Is the Islamic State still a threat? That question has percolated in policy circles ever since the United States and coalition allies succeeded in dismantling the physical caliphate of the world's most notorious terrorist group in Iraq and Syria in the spring of 2019. To be sure, U.S. officials have been quick to contextualize their victory, depicting it simply as the end of the territorial stage of the group. Yet there has been an undeniable sense over the past year that we have turned the page on the "war on terror," freeing us up to focus on other priorities, like strategic competition with China.
Yet in war, the adversary also gets a vote, and recent months have seen new signs of life from the terror organization. This resurgence, showcased in a growing number of attacks by ISIS-affiliated elements in Iraq and disruptive activities in areas of Syria nominally under regime control, have raised considerable worries in Washington. They have also indicated that ISIS, though diminished, is still viable — and dangerous.
ISIS DID NOT JUST DISAPPEAR
Exactly how much was made clear this week, courtesy of a new assessment from the United Nations. Currently, the UN's counter-terrorism chief, Vladimir Voronkov, has disclosed, there are more than 10,000 Islamic State fighters actively operating in Iraq and Syria. Moreover, Voronkov noted, thousands more have migrated to join the group's various regional affiliates now scattered around the world – including the Islamic State's West Africa Province (ISWAP), which now boasts some 3,500 men under arms.
In other words, for all of its current problems, ISIS still retains a formidable cadre of fighters and adherents loyal to its cause. By way of context, a July 2018 study by the International Centre for the Study of Radicalisation, a respected British think tank, estimated that nearly 42,000 foreign fighters from 80 different countries had joined up with ISIS over the course of its short-lived reign. Today, that figure has been significantly diminished as a result of counter-terrorism operations by the U.S. and its regional partners that have killed or captured ISIS militants and affiliates. But even at half strength, the Islamic State represents a formidable adversary — and a threat to regional stability both in the Middle East and beyond.
In fact, the danger from ISIS is now poised to grow, as the group adapts to exploit the coronavirus pandemic by ramping up its online messaging and recruitment efforts to take advantage of captive audiences kept home by national lockdowns and social distancing measures. "Measures to minimize the spread of COVID-19, such as lockdowns and restrictions on movement, seem to have reduced the risk of terrorist attacks in many countries," Voronkov noted in his presentation. However, there is now "a continued trend of attacks by individuals inspired online and acting alone or in small groups, which could be fueled by ISIL's opportunistic propaganda efforts during the COVID-19 crisis."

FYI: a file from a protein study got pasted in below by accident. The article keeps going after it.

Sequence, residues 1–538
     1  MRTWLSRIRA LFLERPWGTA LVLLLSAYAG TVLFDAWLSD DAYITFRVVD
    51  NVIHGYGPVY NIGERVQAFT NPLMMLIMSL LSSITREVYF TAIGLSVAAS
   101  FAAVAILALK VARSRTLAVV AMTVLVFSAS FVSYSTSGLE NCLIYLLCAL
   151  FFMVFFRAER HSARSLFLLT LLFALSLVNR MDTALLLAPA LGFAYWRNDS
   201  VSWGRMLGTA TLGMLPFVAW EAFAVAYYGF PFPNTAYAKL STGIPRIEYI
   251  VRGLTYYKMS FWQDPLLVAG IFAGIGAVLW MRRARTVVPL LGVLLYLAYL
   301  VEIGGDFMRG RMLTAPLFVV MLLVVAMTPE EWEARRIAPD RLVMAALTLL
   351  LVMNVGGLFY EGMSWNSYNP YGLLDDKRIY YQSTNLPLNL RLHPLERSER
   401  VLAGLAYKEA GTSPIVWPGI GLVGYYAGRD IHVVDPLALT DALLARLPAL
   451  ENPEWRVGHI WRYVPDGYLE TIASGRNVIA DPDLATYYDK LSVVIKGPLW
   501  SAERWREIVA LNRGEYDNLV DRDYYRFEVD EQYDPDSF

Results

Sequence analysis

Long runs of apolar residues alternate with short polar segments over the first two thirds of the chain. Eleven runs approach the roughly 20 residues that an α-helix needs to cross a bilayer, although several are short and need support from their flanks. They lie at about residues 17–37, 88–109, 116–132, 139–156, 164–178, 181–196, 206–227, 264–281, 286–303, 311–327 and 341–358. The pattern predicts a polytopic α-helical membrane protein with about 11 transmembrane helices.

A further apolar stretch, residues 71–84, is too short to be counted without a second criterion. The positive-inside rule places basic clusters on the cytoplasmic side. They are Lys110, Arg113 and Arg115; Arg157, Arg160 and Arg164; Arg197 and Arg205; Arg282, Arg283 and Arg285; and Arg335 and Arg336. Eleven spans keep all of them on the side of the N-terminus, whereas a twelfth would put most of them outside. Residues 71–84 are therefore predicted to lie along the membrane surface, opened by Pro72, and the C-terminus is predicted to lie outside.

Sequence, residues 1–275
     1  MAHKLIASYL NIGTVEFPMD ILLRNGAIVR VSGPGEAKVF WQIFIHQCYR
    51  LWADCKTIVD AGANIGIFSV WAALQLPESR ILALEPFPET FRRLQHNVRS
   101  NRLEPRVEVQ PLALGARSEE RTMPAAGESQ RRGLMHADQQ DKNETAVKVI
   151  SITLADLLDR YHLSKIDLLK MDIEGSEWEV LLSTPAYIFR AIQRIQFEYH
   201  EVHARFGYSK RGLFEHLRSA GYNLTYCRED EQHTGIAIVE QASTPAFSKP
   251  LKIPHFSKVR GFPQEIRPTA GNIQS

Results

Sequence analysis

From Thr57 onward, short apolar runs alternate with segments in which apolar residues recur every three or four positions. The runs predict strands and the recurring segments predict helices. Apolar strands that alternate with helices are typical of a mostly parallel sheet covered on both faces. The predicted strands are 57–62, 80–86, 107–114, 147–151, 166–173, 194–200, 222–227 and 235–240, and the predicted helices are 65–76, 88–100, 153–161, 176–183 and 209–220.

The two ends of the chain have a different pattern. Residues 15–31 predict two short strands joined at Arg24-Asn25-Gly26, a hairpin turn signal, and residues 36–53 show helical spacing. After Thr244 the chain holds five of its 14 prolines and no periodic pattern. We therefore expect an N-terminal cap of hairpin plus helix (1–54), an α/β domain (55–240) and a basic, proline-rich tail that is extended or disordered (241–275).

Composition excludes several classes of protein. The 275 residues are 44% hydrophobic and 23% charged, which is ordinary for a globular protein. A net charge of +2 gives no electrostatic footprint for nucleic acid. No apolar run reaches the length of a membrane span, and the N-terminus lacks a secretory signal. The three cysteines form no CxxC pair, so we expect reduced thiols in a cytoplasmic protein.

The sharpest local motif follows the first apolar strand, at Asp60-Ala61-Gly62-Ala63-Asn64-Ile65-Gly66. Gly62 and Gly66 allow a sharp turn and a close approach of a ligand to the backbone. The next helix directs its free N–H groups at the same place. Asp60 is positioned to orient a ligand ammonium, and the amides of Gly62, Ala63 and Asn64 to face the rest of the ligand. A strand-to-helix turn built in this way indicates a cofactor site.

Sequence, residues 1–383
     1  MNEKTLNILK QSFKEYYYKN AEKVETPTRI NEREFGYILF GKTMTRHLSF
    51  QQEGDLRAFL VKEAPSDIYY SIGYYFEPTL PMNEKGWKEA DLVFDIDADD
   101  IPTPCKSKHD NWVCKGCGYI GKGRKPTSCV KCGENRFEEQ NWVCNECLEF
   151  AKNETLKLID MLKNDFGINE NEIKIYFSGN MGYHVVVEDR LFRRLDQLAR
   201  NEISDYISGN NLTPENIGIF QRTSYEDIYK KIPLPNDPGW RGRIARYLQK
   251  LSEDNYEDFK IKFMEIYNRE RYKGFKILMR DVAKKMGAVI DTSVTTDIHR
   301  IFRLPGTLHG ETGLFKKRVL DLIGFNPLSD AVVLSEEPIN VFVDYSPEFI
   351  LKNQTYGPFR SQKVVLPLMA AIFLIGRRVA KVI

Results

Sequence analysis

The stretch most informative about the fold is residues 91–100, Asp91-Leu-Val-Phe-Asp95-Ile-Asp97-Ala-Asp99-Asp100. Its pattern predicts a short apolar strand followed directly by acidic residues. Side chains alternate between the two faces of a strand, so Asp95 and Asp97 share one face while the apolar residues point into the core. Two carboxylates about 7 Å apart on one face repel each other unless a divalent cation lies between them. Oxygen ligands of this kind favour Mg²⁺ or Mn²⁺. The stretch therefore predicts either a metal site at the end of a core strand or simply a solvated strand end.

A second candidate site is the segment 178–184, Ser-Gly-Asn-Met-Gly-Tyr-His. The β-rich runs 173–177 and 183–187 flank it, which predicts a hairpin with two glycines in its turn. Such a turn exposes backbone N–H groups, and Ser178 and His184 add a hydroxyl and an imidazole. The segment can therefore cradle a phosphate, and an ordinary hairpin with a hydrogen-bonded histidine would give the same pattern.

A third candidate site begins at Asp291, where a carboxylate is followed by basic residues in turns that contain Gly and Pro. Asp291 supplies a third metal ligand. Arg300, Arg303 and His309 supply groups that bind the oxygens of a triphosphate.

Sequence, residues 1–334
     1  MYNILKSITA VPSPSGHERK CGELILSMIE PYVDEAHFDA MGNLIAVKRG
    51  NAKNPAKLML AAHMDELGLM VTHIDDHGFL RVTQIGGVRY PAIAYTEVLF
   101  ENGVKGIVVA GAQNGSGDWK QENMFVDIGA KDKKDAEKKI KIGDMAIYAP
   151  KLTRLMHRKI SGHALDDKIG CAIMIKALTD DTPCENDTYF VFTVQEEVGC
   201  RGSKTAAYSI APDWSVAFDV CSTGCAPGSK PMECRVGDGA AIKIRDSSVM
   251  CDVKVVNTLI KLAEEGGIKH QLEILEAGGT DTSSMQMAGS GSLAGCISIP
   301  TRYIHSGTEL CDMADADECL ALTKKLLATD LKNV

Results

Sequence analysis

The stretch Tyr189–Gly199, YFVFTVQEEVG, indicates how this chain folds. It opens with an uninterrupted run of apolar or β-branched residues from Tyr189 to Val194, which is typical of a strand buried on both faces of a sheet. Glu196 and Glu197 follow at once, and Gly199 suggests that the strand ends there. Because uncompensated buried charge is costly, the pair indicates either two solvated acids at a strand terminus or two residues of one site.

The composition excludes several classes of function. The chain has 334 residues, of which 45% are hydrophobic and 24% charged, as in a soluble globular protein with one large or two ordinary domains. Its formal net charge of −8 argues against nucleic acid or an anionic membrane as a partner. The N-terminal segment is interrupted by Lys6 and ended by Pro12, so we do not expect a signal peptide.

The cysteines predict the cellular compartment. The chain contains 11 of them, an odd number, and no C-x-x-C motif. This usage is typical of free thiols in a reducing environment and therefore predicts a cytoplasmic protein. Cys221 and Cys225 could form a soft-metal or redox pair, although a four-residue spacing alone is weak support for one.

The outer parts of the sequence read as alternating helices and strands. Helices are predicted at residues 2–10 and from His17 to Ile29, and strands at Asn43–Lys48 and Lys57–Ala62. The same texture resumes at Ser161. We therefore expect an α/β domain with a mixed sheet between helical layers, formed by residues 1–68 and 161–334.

COVID-19 HAS SET THE STAGE FOR UNREST IN THE MIDDLE EAST
In turn, the Islamic State's ideological outreach is likely to be amplified by the deleterious effects of the pandemic. Already, the coronavirus is causing mounting economic hardship and growing social insecurity throughout the Middle East and Africa. In places like Tunisia, Egypt and Libya, soaring unemployment, deepening poverty, and rampant inflation are setting the stage for significant domestic unrest — and expanding the potential for radicalization. All of which means that those nations, and the international community at large, could face a COVID-19-driven surge of extremism in the near future.
ISIS, meanwhile, is seeking to reclaim its former status as a state. "ISIL continues to build up its combat potential and is seeking to expand the area and scope of terrorist attacks in the country," says Vasily Nebenzya, Russia's ambassador to the UN. Nebenzya would know, since his government is a major military partner of the Syrian regime on whose territory ISIS is seeking to make a comeback.
But the problem isn't localized to the Levant. The Islamic State "has now fully transformed into a network structure with a high degree of autonomy of branches and 'sleeping cells' in various countries and regions of the world," the Russian envoy notes. In other words, though diminished by counter-terrorism measures and temporarily sidelined by the pandemic, the Islamic State is hardly defunct. Rather, the organization has proven itself to be both resilient and adaptive. As such, it remains a long-term problem for the United States and its regional partners.
It is a danger that we — and our allies — ignore at our peril.